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Portal:Geography

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Geography is the science that studies the lands, the features, the inhabitants, and the phenomena of the Earth. A literal translation would be "to describe or write about the Earth". The first person to use the word "geography" was Eratosthenes (276–194 BC). Four historical traditions in geographical research are the spatial analysis of the natural and the human phenomena (geography as the study of distribution), the area studies (places and regions), the study of the human-land relationship, and research in the Earth sciences. Modern geography is an all-encompassing discipline that foremost seeks to understand the Earth and all of its human and natural complexities—not merely where objects are, but how they have changed and come to be. Geography has been called "the world discipline" and "the bridge between the human and the physical science". Geography is divided into two main branches: human geography and physical geography.

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Dawson Creek
Dawson Creek is a small city in northeastern British Columbia, Canada. It covers an area of 20.66 square kilometres (7.98 sq mi)* in the dry and windy prairie land of the Peace River Country. The city is in the British Columbia Peace Lowland ecosection of the Canadian Boreal Plains ecozone on the continental Interior Platform. Located in the Cordillera Climatic Region, it lies at the southern end of a subarctic climate. The 1941 census, the first to include Dawson Creek as a defined subdivision, counted 518 residents. In 2011 the city had a population of 11,583. Growth slowed in the 1960s, with the population reaching its all-time high in 1966, although since 1992 the city has grown and undergone several boundary expansions. Dubbed "The Capital of the Peace", it is a service centre for the rural areas south of the Peace River and the seat of the Peace River Regional District. Once a small farming community, Dawson Creek became a regional centre when the western terminus of the Northern Alberta Railways was extended there in 1932. The community grew rapidly in 1942 as the US Army used the rail terminus as a transshipment point during construction of the Alaska Highway. In the 1950s the city was connected to the interior of British Columbia via a highway and railway through the Rocky Mountains.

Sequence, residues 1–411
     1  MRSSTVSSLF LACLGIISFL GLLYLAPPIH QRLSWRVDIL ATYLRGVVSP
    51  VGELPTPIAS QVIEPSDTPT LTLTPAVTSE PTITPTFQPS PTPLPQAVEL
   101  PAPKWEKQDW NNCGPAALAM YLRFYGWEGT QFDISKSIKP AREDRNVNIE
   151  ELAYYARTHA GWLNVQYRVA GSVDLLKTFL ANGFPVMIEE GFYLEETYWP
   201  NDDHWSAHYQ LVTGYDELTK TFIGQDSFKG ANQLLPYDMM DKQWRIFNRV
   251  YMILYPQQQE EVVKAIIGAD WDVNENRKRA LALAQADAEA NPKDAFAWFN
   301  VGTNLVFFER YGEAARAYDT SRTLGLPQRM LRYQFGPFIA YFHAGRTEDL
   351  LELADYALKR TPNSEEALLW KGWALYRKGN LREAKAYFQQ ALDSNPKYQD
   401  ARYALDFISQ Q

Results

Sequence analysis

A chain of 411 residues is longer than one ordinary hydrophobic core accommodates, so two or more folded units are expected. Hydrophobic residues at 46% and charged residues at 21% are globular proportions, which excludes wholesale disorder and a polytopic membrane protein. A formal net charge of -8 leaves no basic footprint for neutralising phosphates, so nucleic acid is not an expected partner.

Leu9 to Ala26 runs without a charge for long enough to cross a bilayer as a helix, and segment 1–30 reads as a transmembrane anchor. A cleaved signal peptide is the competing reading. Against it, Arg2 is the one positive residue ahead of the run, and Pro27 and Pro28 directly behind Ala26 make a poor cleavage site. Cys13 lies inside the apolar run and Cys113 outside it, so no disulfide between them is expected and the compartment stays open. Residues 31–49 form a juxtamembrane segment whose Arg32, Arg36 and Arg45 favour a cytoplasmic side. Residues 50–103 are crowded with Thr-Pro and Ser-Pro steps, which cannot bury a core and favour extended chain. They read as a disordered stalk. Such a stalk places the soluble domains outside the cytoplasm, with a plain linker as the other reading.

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Zhang Heng
Zhang Heng was an astronomer, mathematician, inventor, geographer, cartographer, artist, poet, statesman, and literary scholar from Nanyang, Henan, and lived during the Eastern Han Dynasty (AD 25–220) of China. After beginning his career as a minor civil servant, he eventually became Chief Astronomer, Prefect of the Majors for Official Carriages, and then Palace Attendant at the imperial court. His uncompromising stances on certain historical and calendrical issues led to Zhang being considered a controversial figure, which prevented him from becoming an official court historian. Zhang applied his extensive knowledge of mechanics and gears in several of his inventions. He invented the world's first water-powered armillary sphere, to represent astronomical observation; improved the inflow water clock by adding another tank; and invented the world's first seismometer, which discerned the cardinal direction of an earthquake 500 km (310 mi) away. Furthermore, he improved previous Chinese calculations of the formula for pi. His fu (rhapsody) and shi poetry were renowned and commented on by later Chinese writers. Zhang received many posthumous honors for his scholarship and ingenuity, and is considered a polymath by some scholars.

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Tadrart Acacus a desert area in western Libya, part of the Sahara.
Credit: Luca Galuzzi

The Tadrart Acacus is a desert area in western Libya, part of the Sahara. The Acacus Mountains form a mountain range situated east of the Libyan city of Ghat and stretch north from the Algerian border about 100 km.

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